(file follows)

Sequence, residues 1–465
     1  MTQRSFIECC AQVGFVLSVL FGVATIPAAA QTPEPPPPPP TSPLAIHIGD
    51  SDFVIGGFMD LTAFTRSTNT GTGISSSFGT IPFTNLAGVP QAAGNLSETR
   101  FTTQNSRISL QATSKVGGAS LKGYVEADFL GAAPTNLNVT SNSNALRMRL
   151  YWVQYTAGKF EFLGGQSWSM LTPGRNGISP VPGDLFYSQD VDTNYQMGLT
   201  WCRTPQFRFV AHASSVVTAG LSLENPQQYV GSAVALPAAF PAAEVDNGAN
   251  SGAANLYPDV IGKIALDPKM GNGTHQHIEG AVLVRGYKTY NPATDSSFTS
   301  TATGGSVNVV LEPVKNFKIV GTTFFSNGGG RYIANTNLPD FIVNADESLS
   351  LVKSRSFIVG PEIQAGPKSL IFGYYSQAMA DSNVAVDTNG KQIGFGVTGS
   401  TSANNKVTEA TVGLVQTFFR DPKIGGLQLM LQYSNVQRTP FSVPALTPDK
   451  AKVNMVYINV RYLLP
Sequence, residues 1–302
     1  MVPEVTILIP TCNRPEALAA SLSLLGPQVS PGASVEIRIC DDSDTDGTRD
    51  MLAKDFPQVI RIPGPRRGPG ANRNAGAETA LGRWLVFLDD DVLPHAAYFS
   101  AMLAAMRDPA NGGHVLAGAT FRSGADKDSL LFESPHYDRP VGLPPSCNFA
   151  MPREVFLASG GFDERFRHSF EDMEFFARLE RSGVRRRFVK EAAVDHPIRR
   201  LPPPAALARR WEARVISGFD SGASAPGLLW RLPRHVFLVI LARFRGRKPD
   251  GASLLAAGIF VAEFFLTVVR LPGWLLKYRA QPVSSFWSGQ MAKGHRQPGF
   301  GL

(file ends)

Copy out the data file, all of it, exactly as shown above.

Sequence, residues 1–465
     1  MTQRSFIECC AQVGFVLSVL FGVATIPAAA QTPEPPPPPP TSPLAIHIGD
    51  SDFVIGGFMD LTAFTRSTNT GTGISSSFGT IPFTNLAGVP QAAGNLSETR
   101  FTTQNSRISL QATSKVGGAS LKGYVEADFL GAAPTNLNVT SNSNALRMRL
   151  YWVQYTAGKF EFLGGQSWSM LTPGRNGISP VPGDLFYSQD VDTNYQMGLT
   201  WCRTPQFRFV AHASSVVTAG LSLENPQQYV GSAVALPAAF PAAEVDNGAN
   251  SGAANLYPDV IGKIALDPKM GNGTHQHIEG AVLVRGYKTY NPATDSSFTS
   301  TATGGSVNVV LEPVKNFKIV GTTFFSNGGG RYIANTNLPD FIVNADESLS
   351  LVKSRSFIVG PEIQAGPKSL IFGYYSQAMA DSNVAVDTNG KQIGFGVTGS
   401  TSANNKVTEA TVGLVQTFFR DPKIGGLQLM LQYSNVQRTP FSVPALTPDK
   451  AKVNMVYINV RYLLP
Sequence, residues 1–302
     1  MVPEVTILIP TCNRPEALAA SLSLLGPQVS PGASVEIRIC DDSDTDGTRD
    51  MLAKDFPQVI RIPGPRRGPG ANRNAGAETA LGRWLVFLDD DVLPHAAYFS
   101  AMLAAMRDPA NGGHVLAGAT FRSGADKDSL LFESPHYDRP VGLPPSCNFA
   151  MPREVFLASG GFDERFRHSF EDMEFFARLE RSGVRRRFVK EAAVDHPIRR
   201  LPPPAALARR WEARVISGFD SGASAPGLLW RLPRHVFLVI LARFRGRKPD
   251  GASLLAAGIF VAEFFLTVVR LPGWLLKYRA QPVSSFWSGQ MAKGHRQPGF
   301  GL